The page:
Sole Food is working to farm on a large scale in an urban environment. Their four farms produced 60 tons of food last year, with a bounty of organic peppers, melons, peas, lettuce and other crops.
Ben Schiller at Fast Company reports:
"'Urban agriculture' is used fairly loosely," says co-founder Michael Abelman, who is a veteran in the practice. "A lot of what's been called agriculture is more 'gardening' in scale. That's not a value judgement. It's just saying that it is actually possible to develop a full-scale enterprise in a city, and provide lots of food, and employ significant numbers of people."
According to Sole Food's website, the produce they grow is sold at local farmers markets and to restaurants. The farms serve as an example for others with urban agriculture ambitions:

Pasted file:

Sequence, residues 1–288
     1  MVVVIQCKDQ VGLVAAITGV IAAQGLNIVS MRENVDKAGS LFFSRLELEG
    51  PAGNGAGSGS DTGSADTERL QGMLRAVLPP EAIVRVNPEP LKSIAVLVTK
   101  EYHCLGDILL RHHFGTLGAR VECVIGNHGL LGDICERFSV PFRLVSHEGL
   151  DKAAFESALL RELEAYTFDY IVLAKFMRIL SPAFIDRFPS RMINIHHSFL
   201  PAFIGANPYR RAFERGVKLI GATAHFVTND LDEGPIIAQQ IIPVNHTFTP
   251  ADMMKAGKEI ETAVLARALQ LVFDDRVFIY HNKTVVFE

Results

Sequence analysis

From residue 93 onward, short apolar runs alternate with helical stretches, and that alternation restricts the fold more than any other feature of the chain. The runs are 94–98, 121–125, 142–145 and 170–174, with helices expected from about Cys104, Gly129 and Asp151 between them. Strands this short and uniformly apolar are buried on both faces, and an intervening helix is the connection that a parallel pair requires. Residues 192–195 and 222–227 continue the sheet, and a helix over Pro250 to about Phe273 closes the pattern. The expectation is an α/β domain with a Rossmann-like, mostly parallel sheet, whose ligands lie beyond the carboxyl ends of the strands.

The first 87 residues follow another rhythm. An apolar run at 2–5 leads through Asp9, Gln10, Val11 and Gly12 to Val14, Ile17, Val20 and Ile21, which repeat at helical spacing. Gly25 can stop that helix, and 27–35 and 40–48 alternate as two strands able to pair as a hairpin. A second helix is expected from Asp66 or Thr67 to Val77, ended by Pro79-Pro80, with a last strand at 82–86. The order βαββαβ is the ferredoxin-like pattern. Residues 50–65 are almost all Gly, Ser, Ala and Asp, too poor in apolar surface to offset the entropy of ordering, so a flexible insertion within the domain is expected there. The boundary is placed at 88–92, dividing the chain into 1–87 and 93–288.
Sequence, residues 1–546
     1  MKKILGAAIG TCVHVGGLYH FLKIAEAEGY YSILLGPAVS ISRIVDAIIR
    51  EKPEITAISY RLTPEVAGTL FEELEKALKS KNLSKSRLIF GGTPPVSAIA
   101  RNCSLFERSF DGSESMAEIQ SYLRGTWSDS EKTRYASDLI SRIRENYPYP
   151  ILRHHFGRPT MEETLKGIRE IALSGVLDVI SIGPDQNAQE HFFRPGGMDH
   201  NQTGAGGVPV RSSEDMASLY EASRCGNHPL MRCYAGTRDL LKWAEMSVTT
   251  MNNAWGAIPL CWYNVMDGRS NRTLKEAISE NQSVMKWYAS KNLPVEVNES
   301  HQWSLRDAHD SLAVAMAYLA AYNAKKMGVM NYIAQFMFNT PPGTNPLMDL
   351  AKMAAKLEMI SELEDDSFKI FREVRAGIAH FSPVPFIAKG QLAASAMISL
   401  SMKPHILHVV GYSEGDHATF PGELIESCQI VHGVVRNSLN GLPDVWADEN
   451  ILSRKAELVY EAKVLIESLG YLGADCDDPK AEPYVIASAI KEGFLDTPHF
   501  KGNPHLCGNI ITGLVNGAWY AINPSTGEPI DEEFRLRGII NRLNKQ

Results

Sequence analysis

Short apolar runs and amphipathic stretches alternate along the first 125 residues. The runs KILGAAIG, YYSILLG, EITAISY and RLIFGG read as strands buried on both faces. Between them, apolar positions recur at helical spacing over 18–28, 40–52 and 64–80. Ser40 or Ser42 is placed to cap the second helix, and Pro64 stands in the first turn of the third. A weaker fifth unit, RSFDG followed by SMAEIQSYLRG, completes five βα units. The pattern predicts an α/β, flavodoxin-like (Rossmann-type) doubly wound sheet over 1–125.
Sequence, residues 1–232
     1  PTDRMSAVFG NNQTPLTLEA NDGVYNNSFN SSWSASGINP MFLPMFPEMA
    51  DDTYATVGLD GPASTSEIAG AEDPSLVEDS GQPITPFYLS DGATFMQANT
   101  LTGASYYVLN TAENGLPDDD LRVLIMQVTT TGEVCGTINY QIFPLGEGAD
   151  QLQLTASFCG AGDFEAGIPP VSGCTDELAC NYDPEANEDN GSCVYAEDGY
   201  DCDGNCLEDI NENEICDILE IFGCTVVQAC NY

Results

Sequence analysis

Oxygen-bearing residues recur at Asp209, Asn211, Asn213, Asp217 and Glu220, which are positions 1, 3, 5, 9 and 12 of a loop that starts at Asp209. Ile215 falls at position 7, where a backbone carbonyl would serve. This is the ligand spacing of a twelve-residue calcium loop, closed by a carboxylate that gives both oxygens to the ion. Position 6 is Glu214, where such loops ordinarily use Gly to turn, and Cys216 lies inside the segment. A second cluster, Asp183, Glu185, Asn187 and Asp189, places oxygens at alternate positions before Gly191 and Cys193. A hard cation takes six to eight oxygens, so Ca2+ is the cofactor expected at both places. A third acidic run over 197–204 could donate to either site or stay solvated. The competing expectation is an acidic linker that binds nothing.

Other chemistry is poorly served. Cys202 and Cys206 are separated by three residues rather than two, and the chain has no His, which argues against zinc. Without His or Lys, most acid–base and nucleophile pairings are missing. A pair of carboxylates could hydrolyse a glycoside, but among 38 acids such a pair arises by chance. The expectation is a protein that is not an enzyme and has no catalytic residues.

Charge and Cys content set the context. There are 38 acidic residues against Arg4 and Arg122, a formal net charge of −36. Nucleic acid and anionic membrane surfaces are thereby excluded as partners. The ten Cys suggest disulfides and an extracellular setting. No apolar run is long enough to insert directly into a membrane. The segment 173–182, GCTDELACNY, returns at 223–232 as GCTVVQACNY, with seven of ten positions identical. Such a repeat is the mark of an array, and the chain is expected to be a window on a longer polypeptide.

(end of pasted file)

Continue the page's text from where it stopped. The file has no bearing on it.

"Sole Food now includes a network of farms throughout the city that are providing meaningful employment to 25 individuals who are dealing with drug addiction and mental illness. The farms are supplying fresh food to city residents, and presenting a successful credible model of high quality innovative agriculture within the urban context."
In light of Vancouver's other sustainability successes, it's no surprise that the city is home to North America's largest urban orchard. Vancouver has built an impressive bike infrastructure in addition to being named Canada's most walkable city.